The Journals of Lewis & Clark: Lewis, June 20, 1806
Lewis, June 20, 1806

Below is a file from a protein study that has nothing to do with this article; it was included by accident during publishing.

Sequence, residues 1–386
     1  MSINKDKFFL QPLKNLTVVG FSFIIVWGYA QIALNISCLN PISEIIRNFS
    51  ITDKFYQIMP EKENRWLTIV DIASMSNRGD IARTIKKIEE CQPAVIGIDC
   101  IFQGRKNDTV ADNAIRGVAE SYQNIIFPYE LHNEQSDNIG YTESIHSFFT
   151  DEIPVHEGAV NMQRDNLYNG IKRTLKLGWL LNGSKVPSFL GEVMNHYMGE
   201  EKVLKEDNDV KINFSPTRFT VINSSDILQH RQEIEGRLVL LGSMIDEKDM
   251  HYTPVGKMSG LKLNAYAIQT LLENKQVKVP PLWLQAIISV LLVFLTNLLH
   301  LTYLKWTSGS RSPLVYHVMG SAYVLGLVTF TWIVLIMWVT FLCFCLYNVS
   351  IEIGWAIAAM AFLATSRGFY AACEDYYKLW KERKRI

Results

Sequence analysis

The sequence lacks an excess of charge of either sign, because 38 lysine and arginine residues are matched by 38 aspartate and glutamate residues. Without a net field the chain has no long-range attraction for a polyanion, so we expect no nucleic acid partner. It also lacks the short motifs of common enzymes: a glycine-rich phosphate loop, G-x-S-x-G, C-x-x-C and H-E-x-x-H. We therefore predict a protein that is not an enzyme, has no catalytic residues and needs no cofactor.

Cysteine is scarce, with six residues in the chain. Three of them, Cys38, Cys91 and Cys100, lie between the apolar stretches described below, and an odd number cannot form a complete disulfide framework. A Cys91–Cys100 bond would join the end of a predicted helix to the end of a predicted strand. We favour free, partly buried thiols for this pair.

Friday June 20th 1806. Our hunters set out early this morning; most of them returned before noon. R. Feilds killed a brown bear the tallons of which were remarkably short broad at their base and sharply pointed this was of the speceis which the Chopunnish call Yah-kar. it was in very low order and the flesh of the bear in this situation is much inferior to lean venison or the flesh of poor Elk. Labush and Cruzatte returned late in the evening with one deer which the former had killed. we also caught seven salmon trout in the course of the day. the hunters assured us that their greatest exertions would not enable them to support us here more than one or two days longer from the great scarcity of game and the difficult access of the country, the under brush being very thick and great quantities of fallen timber. as we shall necessarily be compelled to remain more than two days for the return of Drewyer and Shannon we determined to return in the morning as far as the quawmash flatts and indeavour to lay in another stock of meat for the mountains, our former stock being now nearly exhausted as well as what we have killed on our return. by returning to the quawmash flatts we shall sooner be informed whether or not we can procure a guide to conduct us through the mountains; should we fail in procuring one, we have determined to wrisk a passage on the following plan immediately, because should we wait much longer or untill the snow desolves in such manner as to enable us to follow the road we cannot hope to reach the United States this winter; this is that Capt. C. or myself shall take four of our most expert woodsmen with three or four of our best horses and proceed two days in advance taking a plentiful) supply of provision. for this party to follow the road by the marks which the baggage of the indians has made in many places on the sides of the trees by rubing against them, and to blaize the trees with a tomahawk as they proceeded. that after proceeding two days in advance of hungary creek two of those men would be sent back to the main party who by the time of their return to Hungary Creek would have reached that place. the men so returning would be enabled to inform the main party of the probable success of the preceeding party in finding the road and of their probable progress, in order that should it be necessary, the main party by the delay of a day or two at hungary creek, should give the advance time to mark the road through before the main party could overtake them, and thus prevent delay on the part of the rout where no food is to be obtained for our horses. should it so happen that the advance could not find the road by the marks on the trees after attempting it for two days, the whole of then would return to the main party. in which case we wold bring back our baggage and attempt a passage over these mountains through the country of the Shoshones further to the South by way of the main S. Westerly fork of Lewis's river and Madison or Gallatin's rivers, where from the information of the Chopunnish there is a passage which at this season of the year is not obstructed by snow, though the round is very distant and would require at least a month in it's performance. The Shoshones informed us when we first met with them that there was a passage across the mountains in that quarter but represented the difficulties arrising from steep high and rugged mountains and also an extensive and barren plain which was to be passed without game, as infinitely more difficult than the rout by which we came. from the circumstance of the Chopunnish being at war with that part of the Shoshones who inhabit the country on this side of the Mountains through which the road passes I think it is highly probable that they cannot be well informed with rispect to the road, and further, had there been a better road in that quarter the Shoshones on the East fork of Lewis's river who knew them both would not have recommended that by which we came to this country. the travelling in the mountains on the snow at present is very good, the snow bears the horses perfictly; it is a firm coase snow without a crust, and the horses have good foot hold without sliping much; the only dificulty is finding the road, and I think the plan we have devised will succeed even should we not be enabled to obtain a guide. Although the snow may be stated on an average at 10 feet deep yet arround the bodies of the trees it has desolved much more than in other parts not being generally more than one or two feet deep immediately at the roots of the trees, and; of course the marks left by the rubing of the indian baggage against them is not concealed. the reason why the snow is comparitively so shallow about the roots of the trees I presume proceeds as well from the snow in falling being thrown off from their bodies by their thick and spreading branches as from the reflection of the sun against the trees and the warmth which they in some measure acquire from the earth which is never frozen underneath these masses of snow. Bratton's horse was also discovered to be absent this evening. I presume he has also returned to the flatts.